Third, there are operational reasons for having a license. Virtually all residential property is marketed through Multiple Listing Services (“MLS”). A substantial percentage of commercial properties are also marketed through these MLS systems. The MLS systems require users to have a real estate license for full access to its data and functionality. Most real estate brokerage firms do not allow someone to show a listed property without the assistance of the listing brokerage firm, unless the person showing the property has a real estate license or works as an assistant for a license holder.
Fourth, a person who is determined to have been engaged in real estate “brokerage” without first obtaining a license has no means of enforcing an agreement to pay them for their services.(E8) Without holding a real estate brokerage license, the actor is deemed to have no right to payment for their services.(E9)
Relevance for Principals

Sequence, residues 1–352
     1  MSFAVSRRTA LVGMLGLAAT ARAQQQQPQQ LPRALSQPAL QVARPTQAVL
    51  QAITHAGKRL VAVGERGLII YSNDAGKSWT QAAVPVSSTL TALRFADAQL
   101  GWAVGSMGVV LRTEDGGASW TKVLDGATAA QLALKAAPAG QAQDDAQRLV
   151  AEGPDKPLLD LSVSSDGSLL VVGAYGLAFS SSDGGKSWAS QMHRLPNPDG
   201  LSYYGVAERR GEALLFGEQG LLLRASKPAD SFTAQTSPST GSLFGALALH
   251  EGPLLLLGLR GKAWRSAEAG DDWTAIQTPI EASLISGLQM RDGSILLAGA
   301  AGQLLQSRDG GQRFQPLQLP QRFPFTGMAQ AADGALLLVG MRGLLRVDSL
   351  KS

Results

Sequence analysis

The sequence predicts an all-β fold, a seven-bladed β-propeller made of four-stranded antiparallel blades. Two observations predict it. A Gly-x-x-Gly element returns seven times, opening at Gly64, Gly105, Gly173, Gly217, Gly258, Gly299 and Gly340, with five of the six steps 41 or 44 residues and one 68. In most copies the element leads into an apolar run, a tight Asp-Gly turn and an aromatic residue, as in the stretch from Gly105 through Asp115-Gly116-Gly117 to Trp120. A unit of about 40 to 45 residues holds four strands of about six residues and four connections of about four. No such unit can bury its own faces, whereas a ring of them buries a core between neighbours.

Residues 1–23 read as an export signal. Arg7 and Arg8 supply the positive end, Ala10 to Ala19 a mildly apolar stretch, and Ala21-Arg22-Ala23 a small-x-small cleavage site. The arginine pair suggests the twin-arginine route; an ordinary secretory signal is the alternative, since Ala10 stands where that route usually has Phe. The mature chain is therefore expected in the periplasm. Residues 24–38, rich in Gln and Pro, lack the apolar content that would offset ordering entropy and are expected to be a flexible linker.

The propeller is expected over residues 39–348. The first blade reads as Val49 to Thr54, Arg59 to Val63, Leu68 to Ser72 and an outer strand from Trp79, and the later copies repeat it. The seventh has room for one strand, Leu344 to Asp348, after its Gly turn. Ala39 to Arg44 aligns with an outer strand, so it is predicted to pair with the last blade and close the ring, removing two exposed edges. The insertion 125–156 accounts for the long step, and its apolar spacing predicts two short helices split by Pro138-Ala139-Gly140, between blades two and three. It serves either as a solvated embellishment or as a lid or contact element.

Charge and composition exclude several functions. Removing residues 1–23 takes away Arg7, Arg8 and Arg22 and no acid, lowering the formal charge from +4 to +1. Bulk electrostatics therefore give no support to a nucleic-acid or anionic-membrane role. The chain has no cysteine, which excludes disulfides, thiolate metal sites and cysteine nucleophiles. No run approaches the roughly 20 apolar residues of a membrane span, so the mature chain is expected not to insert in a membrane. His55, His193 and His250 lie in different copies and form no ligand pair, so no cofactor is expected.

Moses was never ordained as a Rabbi.(E10) Abraham Lincoln never took a written bar exam.(E11) U.S. Supreme Court Chief Justice John Marshall didn’t go to law school.(E12) Through various combinations of experience, talent, self-education and other things, there are a variety of persons who can provide high quality services without ever having been licensed to do so. Other than the generic reason that licensed professionals have managed to exceed some standard, are there compelling reasons for consumers of brokerage services to work with someone who has a license? There are at least three reasons. First, the consumer who is working with a licensed broker in Colorado knows that broker has errors and omissions insurance, which will likely cover any potential claims the consumer might bring against the broker.(E13) Second, prior to obtaining a license in Colorado, all brokers go through a rigorous criminal background check.(E14) Once they have a license, all brokers must notify the division of most criminal offenses.(E15) Real estate brokers occupy a position of trust in performing their professional duties. Property sellers often keep valuable items in a property during the selling process. Buyers spend time with their broker behind closed doors. Given the frequency of these situations, the criminal background screening and ongoing criminal conviction reporting required by real estate license law offers much protection and comfort to the public. Third, persons who obtain a real estate brokerage license submit themselves to the jurisdiction of the Colorado Division of Real Estate. Persons dealing with licensed real estate brokers who commit unethical or illegal acts can seek disciplinary action by filing a complaint with the Division of Real Estate.(E16) When compared to filing a lawsuit, this process is easier and cheaper for consumers of real estate brokerage services.